A micromechanical study of high temperature Ti-AI powder compaction

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Process induced micro-scale evolutions can greatly influence the strength and resilience of a high temperature ceramic and intermetallic component. A micromechanical study, based on a unit cell approach, is carried out in the present work to investigate these evolutions during compaction of titanium aluminide multi-phase intermetallics at elevated temperatures. The quasi-coupled unit cell analysis can provide an avenue for investigating scalability and migratability of laboratory results to full scale productions with perturbed material compositions. Effects of various macro-scale process design considerations (e.g., tooling stiffness, spatial distribution of thermal fields) on micro-scale evolutions are investigated in detail. It has been observed that a more economic (and usually more flexible) container increases the likelihood of microcrack nucleations, while spatially non-uniform intra-particle thermal fields can be utilized to alleviate processing induced micro-cracks in the final compacted product. Possibilities for process design modifications are also discussed. © 1998 by ASME.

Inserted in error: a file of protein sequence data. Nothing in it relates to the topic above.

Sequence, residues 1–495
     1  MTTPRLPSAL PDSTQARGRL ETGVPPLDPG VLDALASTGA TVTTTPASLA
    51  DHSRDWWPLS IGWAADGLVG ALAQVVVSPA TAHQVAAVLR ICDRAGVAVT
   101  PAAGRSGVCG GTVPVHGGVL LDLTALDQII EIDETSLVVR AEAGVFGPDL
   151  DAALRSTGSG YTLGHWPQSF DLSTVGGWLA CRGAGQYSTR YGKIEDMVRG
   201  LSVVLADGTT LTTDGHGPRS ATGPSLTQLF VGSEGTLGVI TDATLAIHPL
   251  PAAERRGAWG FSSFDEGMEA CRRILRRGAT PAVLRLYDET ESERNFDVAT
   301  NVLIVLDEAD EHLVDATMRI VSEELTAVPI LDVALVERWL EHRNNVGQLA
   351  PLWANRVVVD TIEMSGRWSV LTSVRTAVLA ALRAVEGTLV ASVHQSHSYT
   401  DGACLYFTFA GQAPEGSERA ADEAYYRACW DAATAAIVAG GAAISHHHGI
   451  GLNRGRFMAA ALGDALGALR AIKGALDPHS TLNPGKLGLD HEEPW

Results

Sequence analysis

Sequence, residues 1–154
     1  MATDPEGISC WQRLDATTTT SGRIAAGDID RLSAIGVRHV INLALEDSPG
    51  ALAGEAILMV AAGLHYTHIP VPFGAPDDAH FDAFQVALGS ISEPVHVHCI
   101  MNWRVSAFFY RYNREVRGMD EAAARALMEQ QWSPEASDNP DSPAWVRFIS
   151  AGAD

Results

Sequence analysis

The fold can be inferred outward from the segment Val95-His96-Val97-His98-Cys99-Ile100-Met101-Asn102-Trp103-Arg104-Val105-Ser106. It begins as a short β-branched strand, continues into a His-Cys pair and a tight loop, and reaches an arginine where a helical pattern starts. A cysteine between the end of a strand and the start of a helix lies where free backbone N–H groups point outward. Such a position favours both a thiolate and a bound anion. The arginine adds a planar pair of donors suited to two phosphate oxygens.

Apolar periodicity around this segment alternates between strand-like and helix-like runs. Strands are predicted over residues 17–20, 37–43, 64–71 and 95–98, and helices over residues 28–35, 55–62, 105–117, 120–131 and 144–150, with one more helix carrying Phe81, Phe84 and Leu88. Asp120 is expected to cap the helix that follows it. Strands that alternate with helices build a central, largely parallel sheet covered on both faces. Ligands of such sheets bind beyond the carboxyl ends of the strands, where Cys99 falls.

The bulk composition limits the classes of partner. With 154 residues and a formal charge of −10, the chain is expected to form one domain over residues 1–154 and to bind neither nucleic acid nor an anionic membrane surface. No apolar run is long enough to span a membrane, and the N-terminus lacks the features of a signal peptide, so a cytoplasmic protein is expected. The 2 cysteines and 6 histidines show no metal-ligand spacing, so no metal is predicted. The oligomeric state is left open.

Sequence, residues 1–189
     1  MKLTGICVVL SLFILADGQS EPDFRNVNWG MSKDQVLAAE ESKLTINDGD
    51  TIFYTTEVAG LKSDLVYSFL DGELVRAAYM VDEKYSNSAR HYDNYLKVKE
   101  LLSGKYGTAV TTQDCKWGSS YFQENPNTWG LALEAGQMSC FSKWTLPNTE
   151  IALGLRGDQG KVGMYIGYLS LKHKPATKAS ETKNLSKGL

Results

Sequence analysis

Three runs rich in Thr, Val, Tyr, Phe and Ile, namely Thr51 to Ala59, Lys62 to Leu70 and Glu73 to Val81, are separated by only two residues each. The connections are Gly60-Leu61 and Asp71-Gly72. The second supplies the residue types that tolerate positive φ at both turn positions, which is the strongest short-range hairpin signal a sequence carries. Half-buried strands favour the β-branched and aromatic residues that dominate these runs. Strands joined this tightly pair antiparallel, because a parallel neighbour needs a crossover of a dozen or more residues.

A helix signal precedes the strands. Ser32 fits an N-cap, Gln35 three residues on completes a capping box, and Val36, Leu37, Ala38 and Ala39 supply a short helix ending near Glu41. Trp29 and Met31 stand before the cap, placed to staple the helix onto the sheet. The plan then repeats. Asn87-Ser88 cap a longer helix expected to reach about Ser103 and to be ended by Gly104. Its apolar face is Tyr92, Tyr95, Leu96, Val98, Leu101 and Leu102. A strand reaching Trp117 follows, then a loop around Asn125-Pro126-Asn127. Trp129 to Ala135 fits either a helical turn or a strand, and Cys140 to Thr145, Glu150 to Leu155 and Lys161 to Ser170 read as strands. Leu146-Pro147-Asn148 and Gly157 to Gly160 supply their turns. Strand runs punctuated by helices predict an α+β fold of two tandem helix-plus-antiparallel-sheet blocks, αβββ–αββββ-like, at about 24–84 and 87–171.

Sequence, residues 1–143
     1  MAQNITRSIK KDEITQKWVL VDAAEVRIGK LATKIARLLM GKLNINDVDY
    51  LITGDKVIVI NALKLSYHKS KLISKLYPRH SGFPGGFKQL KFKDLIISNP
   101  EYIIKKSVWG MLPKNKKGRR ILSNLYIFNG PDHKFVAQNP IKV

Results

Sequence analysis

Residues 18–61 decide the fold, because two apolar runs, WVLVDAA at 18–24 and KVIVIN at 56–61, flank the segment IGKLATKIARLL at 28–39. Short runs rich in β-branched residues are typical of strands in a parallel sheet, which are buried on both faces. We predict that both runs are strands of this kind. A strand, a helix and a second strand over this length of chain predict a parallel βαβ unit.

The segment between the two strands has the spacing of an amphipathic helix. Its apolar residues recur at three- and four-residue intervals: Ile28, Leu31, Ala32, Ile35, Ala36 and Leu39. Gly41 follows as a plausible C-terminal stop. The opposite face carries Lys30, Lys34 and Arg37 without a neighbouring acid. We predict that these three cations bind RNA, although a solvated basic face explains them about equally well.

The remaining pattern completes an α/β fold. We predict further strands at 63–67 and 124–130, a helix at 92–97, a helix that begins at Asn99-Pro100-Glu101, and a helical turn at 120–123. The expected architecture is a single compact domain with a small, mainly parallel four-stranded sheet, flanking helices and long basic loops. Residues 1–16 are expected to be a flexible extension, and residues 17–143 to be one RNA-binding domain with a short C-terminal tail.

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Journal of Manufacturing Science and Engineering, Transactions of the ASME